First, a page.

Resignation and Illegal Dismissal

Resignation and Illegal Dismissal

While the rules on resignation is settled, especially under Article 300 of the Labor Code, as amended, in actual situations, resignation is a confused subject matter especially if attended with claim of illegal dismissal.

So, what is the legal perspective on this matter? It is good to revisit the 2020 case of Italkarat 18, Inc. vs. Gerasmio, G.R. No. 221411, September 28, 2020.

The Supreme Court (SC) held that the fact of dismissal must first be proven, especially considering the existence of a resignation letter signed by the employee.

Indeed, in illegal dismissal cases, the burden of proof is on the employer in proving the validity of dismissal. However, the fact of dismissal, if disputed, must be duly proven by the complainant.

Citing Machica vs. Roosevelt Services Center, Inc. the SC held that the rule is that one who alleges a fact has the burden of proving it; thus, petitioners were burdened to prove their allegation that respondents dismissed them from their employment. It must be stressed that the evidence to prove this fact must be clear, positive and convincing. The rule that the employer bears the burden of proof in illegal dismissal cases finds no application here because the respondents deny having dismissed the petitioners.

There can be no question as to the legality or illegality of a dismissal if the employee has not discharged his burden to prove the fact of dismissal by substantial evidence.

It is true that in constructive dismissal cases, the employer is charged with the burden of proving that its conduct and action or the transfer of an employee are for valid and legitimate grounds such as genuine business necessity.

However, it is likewise true that in constructive dismissal cases, the employee has the burden to prove first the fact of dismissal by substantial evidence. Only then when the dismissal is established that the burden shifts to the employer to prove that the dismissal was for just and/or authorized cause.

The SC ruled that the logic is simple — if there is no dismissal, there can be no question as to its legality or illegality.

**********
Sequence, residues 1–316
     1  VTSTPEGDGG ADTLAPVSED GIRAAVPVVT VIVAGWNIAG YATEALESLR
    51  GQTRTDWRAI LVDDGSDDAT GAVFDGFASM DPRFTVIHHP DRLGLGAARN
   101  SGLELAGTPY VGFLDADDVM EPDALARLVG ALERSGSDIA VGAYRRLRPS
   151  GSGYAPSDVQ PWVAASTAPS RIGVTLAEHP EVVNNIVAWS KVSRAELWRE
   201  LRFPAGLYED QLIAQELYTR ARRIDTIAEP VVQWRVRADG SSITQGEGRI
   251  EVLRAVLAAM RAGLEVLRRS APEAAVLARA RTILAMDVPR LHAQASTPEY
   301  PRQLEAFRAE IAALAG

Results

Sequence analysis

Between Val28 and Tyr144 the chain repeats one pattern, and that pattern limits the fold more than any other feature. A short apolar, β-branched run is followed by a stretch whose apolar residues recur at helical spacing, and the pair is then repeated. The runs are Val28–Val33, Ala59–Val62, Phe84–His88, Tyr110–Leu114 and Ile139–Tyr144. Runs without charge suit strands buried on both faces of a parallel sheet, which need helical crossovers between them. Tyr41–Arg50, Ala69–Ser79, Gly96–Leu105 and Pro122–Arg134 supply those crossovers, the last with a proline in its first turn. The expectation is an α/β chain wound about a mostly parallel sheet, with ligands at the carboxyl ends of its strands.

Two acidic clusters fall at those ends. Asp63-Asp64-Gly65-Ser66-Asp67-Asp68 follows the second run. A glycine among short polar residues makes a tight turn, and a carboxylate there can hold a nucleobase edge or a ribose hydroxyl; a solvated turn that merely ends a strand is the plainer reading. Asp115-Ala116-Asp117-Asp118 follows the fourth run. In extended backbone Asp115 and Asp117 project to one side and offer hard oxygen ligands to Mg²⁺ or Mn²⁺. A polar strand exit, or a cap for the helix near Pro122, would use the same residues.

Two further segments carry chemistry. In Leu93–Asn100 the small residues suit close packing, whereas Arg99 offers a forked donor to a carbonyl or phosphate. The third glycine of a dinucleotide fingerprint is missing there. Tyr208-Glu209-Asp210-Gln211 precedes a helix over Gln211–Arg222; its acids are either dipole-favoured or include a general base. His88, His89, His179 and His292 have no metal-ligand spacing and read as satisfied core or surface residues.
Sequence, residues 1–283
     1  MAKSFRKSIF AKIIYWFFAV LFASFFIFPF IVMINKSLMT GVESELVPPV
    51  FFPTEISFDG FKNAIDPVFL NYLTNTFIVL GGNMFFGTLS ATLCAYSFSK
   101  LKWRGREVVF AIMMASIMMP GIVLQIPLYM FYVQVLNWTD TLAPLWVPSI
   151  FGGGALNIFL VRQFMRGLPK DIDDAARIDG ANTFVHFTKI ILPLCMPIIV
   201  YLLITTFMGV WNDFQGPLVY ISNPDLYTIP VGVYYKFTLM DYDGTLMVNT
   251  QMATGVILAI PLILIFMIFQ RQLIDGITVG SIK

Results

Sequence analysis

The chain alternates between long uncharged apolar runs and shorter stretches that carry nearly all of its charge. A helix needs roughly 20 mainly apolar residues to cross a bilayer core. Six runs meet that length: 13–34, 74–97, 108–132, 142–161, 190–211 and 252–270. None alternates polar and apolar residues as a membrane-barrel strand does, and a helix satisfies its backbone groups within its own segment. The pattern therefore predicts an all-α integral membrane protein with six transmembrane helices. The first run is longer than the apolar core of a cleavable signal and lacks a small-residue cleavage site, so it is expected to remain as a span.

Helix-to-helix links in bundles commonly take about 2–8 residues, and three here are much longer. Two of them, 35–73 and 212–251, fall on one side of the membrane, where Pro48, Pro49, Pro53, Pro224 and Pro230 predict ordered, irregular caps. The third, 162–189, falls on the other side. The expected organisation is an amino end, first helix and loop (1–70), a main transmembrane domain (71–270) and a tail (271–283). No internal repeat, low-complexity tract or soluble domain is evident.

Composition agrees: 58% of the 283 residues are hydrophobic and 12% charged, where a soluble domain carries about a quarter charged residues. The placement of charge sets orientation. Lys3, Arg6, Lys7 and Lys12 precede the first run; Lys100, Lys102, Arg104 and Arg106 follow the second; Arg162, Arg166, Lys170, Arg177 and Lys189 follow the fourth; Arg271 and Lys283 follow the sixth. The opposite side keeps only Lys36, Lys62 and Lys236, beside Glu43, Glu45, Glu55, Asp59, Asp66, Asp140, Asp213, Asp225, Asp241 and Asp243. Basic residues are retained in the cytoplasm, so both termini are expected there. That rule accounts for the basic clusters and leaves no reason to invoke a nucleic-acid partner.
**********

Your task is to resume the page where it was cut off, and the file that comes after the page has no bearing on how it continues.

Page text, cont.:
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Applying the abovementioned principles in the Italkarat case, the employee clearly has the burden of proving that he was dismissed by the Company, in light of the Company’s allegation that he resigned voluntarily and was not dismissed. Hence, he must first prove that he was actually dismissed by the Company before the legality of such dismissal can even be raised as an issue.

However, even a cursory perusal of the evidence on record would show that the employee failed to prove the fact of dismissal. He relied primarily on his allegations that he was misled by the Company into resigning and that he was actually retrenched.

These uncorroborated and self-serving allegations, especially considering the existence of a resignation letter and a quitclaim (both bearing his signature), fall short of the evidence required under the law to discharge his burden to prove that he was dismissed by the Company.

To illustrate the aforementioned point, the SC cited Gemina, Jr. vs. Bankwise, Inc., that the employee had indeed failed to state circumstances substantiating his claim of constructive dismissal as the employee therein had not claimed to have suffered a demotion in rank or diminution in pay or other benefits. Instead, the said employee only claimed to have been subjected to several acts of harassment by several officers of the employer-company, including being asked to take a forced leave of absence, demanding back the employee’s service vehicle, and delaying the release of employee’s salaries and allowances in order to compel him to quit employment.